Philippine Growth Seen Slowing as Remittances Boost Falters
Philippine growth probably eased from the fastest pace since 2010 as the faltering global recovery damps demand for Filipino workers and exports.
Gross domestic product probably increased 5.5 percent in the three months through June from a year earlier, slowing from a 6.4 percent pace in the first quarter, according to the median estimate of 17 economists in a Bloomberg News survey. That would contrast with Thailand, Malaysia and Indonesia, which reported faster expansion in the second quarter. The data is due Aug. 30.
Money sent home is equivalent to about 10 percent of the $225 billion economy and helped the Philippines achieve the fastest growth in Southeast Asia in the first quarter. That support is sputtering as the protracted European crisis brought remittance growth to a 15-month low, crimping sales at companies including Megaworld Corp. and putting pressure on President Benigno Aquino to boost manufacturing and investments.
“The Philippines doesn’t have a rich domestic market and it has been very dependent on external income,” said Kevin Lai, a Hong Kong-based economist at Daiwa Capital Markets Ltd. “This reliance on remittances is hurting the economy. Worker remittances will soften because Europe is suffering and to a certain extent, Asia is slowing.”
The Philippine peso fell 0.1 percent to 42.362 per dollar as of 11:01 a.m. in Manila, according to Tullett Prebon Plc, and is the worst performer among Asia’s 11 most-traded currencies this month. The yield on bonds due July 2031 dropped to a two- week low, according to Tradition Financial Services.
Foreign funds bought a net $1.83 billion of bonds and stocks from January to July, 31 percent lower than a year ago, according to central bank data.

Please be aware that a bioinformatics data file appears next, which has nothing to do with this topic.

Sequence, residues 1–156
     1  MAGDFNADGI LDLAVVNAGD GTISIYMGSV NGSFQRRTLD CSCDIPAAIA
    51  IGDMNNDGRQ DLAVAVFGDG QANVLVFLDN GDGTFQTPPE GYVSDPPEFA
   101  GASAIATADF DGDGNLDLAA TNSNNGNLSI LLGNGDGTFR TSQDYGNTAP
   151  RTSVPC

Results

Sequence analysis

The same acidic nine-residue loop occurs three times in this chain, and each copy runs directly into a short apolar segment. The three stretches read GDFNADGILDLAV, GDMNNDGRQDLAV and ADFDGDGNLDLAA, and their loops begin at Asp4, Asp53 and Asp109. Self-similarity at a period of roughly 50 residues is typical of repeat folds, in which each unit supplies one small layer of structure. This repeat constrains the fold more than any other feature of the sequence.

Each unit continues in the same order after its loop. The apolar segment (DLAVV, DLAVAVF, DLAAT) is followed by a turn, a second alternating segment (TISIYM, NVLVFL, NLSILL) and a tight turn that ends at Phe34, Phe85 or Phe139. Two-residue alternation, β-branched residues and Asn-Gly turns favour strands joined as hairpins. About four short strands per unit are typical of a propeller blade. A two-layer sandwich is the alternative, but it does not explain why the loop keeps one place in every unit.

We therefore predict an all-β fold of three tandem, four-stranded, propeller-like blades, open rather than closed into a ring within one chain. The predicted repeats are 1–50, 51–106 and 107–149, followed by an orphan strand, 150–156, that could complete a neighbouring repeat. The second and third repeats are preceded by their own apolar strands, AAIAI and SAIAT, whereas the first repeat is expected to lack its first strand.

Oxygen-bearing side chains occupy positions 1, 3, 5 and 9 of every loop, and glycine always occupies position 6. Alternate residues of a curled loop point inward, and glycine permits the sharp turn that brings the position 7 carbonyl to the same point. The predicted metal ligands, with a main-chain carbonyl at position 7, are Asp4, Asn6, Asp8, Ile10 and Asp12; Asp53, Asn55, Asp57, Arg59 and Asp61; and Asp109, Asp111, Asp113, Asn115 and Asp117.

Philippine exports rose 4.3 percent in June from a year earlier, the slowest pace in three months. Bangko Sentral ng Pilipinas cut its benchmark interest rate to a record-low 3.75 percent in July, joining nations from China to South Korea in shoring up growth amid the global slowdown.
Aquino aims to bolster expansion to as much as 7 percent next year from a goal of 6 percent this year to boost incomes and reduce poverty. The government awarded contracts to build about 9,300 classrooms this month as part of efforts to draw more than $16 billion of investment in airports and roads.
The president is also accelerating asset sales, with an aim of raising about 2 billion pesos ($47 million) each in 2012 and 2013 from privatization. Standard & Poor’s raised the nation’s credit rating to one step below investment grade in July, citing easing fiscal vulnerability as debt is reduced.
Aquino has pledged to rid the nation of corruption to boost investor confidence. He appointed Maria Lourdes Sereno last week as the nation’s first female chief justice after Renato Corona, the former top judge, was removed from office for illegally concealing his wealth.
Remittances increased 4.2 percent to $1.81 billion in June, and the central bank forecasts an increase of 5 percent this year compared to 7.2 percent in 2011. A study by the monetary authority last month showed the funds dilute the effectiveness of the policy rate even as they bolster consumption and growth.
“Remittance growth is unlikely to return to the double- digit growth rates seen from 2002-2008,” according to a report by analysts at DBS Group Holdings Ltd. last week. “Working domestically may become more attractive to locals as employment opportunities grow. We suspect that remittances will slowly diminish in importance in the coming years.”
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